Full-Time, Part One
May 13, 2008 - December 2008
LEFT HOME to become
Full Time RVers on May13,2008. Please follow our travels by reading
the "Travel Stories".
We will write as the spirit moves us. We will publish our pictures as we go, maybe more often than the "Travel Stories", so check back whenever to see what is new. Questions or comments are always welcome. Email us by clicking on the email link above.
*** Blue dotted line - Fifth Wheel *** Red dotted line - Motor Home (starting 6/30/08) ***
*** gold star - overnight stops *** red star - State Capitols ***
Adventures of Krystonia
August 31, 2008
Krystonia Again… The spirit of Krystonia has moved. On June 27, 2008 it moved from the Wanderer Fifth Wheel into a 2004, 38-foot Itasca Motor Home. But… more about that later. The big news is that we are now Full-timers. We pulled out of the driveway of our home of the past 32 years on May 13th. It was a very emotional experience for all of us. We found that “scaling down” involved giving up many things that had emotional strings attached. We also discovered that we had stuff we did not even know we had. Turns out that both our parents and grandparents were “collectors” and we became the depository for much of that stuff. Seems like it took forever to sort. We made many trips to Goodwill, had 2 garage sales, and gave the better stuff to the Assistance League. We both found that any sustained effort was impossible. We both needed many breaks (every few hours) to clear our heads and hearts. Thank goodness for solitaire on the computer…
First we headed south to Arlo’s 50-year college reunion, which turned out to be great fun. Then back to Sacramento to finish up some medical stuff at Kaiser. Interestingly, we could not bring ourselves to drive past the Diablo home. We were able to lease it with the new tenants moving in June first.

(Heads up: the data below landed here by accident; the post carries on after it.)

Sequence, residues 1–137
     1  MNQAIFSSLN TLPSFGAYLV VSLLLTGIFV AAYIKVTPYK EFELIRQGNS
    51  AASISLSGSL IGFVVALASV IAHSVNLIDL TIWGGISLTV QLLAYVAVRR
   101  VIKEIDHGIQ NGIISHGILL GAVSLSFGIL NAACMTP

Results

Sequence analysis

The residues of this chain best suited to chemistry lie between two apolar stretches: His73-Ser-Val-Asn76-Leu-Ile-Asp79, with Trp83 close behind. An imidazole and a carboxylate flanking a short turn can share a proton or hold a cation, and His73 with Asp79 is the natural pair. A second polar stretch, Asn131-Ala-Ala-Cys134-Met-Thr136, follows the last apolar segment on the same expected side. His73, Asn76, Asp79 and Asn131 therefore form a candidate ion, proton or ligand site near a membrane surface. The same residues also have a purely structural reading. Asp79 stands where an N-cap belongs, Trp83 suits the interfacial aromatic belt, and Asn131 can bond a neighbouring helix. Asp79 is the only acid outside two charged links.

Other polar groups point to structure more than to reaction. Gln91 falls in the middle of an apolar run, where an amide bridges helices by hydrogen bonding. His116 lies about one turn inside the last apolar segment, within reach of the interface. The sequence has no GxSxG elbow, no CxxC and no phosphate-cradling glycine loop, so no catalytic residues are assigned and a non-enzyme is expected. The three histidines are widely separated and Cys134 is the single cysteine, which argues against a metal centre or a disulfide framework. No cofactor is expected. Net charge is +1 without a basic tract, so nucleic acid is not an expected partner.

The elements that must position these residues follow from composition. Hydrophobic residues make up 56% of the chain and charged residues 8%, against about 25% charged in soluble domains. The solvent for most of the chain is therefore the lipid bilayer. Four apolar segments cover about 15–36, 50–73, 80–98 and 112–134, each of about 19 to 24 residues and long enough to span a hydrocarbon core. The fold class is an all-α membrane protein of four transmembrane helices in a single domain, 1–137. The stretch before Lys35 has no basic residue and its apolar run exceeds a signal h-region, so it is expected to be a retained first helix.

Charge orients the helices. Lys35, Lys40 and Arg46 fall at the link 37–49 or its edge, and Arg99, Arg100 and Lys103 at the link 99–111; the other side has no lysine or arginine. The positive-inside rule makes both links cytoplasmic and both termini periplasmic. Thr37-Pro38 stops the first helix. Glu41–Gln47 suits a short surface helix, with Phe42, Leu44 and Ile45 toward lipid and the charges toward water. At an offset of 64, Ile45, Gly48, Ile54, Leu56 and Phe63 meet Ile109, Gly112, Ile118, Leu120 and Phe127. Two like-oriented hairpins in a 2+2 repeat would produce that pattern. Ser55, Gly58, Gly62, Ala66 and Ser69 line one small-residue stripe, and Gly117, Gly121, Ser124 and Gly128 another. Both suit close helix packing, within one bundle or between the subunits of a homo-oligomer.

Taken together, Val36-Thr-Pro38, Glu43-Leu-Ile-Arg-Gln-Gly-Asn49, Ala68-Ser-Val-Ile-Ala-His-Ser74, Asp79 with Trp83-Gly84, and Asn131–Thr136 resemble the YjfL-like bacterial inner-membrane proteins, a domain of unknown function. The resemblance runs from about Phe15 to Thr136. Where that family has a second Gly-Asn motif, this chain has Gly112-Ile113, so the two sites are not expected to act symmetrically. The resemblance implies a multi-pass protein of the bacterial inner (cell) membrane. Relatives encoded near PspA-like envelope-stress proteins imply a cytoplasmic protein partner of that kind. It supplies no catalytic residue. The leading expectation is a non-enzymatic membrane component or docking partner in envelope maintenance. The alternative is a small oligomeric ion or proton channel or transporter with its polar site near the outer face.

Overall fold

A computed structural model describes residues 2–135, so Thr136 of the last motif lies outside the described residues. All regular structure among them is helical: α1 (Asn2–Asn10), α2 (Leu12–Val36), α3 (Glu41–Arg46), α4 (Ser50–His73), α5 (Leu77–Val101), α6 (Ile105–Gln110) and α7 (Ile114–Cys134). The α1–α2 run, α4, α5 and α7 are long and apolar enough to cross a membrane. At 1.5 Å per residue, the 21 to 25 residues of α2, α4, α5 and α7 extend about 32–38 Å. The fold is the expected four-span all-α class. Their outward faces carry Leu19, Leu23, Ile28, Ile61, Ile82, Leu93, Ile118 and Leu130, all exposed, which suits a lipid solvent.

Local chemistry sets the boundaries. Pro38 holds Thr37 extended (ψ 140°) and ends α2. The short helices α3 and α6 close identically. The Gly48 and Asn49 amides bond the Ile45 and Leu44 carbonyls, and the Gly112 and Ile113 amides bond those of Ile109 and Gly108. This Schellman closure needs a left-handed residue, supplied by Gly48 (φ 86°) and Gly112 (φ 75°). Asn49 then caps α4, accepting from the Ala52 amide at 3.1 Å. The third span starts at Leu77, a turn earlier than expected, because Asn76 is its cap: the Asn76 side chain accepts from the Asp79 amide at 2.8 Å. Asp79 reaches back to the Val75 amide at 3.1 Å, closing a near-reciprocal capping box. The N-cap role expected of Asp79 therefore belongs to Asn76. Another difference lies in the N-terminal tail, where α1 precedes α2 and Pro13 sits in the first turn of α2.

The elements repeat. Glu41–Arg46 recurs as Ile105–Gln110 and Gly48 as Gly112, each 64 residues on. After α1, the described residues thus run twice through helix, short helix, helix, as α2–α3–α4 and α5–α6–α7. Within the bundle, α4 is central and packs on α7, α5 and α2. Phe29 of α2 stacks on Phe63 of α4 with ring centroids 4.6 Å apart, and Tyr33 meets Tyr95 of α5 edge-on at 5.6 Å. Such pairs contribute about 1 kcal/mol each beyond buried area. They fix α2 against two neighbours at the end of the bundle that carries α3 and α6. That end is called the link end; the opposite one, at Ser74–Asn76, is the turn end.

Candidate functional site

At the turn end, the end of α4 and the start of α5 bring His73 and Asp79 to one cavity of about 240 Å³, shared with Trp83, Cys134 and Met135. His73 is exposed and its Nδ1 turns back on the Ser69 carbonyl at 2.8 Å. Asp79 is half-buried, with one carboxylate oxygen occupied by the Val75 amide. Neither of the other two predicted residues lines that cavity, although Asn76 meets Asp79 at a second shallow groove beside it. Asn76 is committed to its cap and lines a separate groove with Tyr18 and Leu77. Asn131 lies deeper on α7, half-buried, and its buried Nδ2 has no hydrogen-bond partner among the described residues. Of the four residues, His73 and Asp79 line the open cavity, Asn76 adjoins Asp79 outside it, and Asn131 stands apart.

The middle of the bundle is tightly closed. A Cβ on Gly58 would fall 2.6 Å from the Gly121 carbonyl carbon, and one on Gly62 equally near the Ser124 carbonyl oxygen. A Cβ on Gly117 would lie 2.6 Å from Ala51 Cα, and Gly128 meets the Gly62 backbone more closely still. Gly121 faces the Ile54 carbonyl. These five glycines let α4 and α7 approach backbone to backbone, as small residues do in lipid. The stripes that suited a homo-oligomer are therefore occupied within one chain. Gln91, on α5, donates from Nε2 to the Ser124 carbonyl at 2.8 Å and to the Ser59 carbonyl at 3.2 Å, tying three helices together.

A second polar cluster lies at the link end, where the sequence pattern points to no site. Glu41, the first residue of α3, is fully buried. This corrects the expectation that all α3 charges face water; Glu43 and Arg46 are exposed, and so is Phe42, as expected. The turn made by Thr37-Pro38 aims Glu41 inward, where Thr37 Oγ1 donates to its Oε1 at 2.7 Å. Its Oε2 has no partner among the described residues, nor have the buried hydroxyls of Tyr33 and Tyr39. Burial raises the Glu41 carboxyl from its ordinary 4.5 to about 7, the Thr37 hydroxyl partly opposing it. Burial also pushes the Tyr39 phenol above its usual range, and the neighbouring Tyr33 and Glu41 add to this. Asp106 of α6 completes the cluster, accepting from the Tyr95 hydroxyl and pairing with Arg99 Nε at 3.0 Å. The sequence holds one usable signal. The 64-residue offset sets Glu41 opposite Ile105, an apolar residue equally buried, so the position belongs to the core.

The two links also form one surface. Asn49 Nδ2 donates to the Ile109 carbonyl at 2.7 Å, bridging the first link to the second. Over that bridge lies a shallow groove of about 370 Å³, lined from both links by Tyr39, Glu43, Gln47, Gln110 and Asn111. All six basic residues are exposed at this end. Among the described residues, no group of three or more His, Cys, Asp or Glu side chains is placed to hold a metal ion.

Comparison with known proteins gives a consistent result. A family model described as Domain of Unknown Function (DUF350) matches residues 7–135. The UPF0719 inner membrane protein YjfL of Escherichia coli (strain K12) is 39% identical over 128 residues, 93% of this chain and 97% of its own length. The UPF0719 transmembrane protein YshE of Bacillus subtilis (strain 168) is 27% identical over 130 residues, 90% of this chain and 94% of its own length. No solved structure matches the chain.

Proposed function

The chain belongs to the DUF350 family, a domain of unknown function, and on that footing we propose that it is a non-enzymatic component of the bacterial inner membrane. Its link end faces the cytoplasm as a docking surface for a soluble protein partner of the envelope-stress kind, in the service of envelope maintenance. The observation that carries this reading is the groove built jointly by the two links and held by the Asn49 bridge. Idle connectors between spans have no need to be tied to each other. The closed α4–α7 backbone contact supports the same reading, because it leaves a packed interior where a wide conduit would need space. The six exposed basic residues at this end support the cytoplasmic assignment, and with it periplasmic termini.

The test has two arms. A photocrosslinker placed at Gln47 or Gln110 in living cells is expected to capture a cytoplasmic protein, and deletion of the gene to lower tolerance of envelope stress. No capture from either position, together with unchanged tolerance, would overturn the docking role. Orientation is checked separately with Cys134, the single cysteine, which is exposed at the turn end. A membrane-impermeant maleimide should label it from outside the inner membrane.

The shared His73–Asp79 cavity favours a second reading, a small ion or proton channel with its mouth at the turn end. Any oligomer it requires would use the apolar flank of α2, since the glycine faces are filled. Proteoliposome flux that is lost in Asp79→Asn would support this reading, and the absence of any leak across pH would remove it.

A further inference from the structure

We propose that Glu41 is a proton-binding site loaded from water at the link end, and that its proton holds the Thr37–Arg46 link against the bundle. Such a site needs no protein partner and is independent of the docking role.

Next, began the search for a Motor Home. We stayed with our friend Dick Reed in Colfax, just up Interstate 80 from Sacramento, for over 2 weeks. Dick was great helping us test-drive several Motor Homes. We learned so much from him but found nothing we were comfortable with.
Our Escapee friends, Kathy and Ron, gave us the name of a salesman in Eugene, OR. We went to Eugene to just get acquainted. Turns out that everything they said about him was true. We were questioning if we were ready for another major change so soon, but wanted to give him a feel for us. Our plans were to stay in the Northwest for the summer. Well, the very first RV he showed us was the one we bought. It had almost everything we were looking for and we have been very happy. You can see pictures of it on our web site www.krystonia.info.
There were only two states other that Hawaii that we have not been in with an RV; Nebraska and Kentucky. We are currently in Nebraska. We expect to be in Kentucky in a few weeks.
There are other pictures on the Web of things we have seen along the way. Please enjoy them…
Adventures of Krystonia
September, 3, 2008
Nebraska. “The Cornhusker State.” In all our RV travels we have missed going through Nebraska. Always traveled either north or south of it. Cross-country both ways in the 70’s with our travel trailer; missed it. More than 80,000 miles in the Fifth wheel; missed it.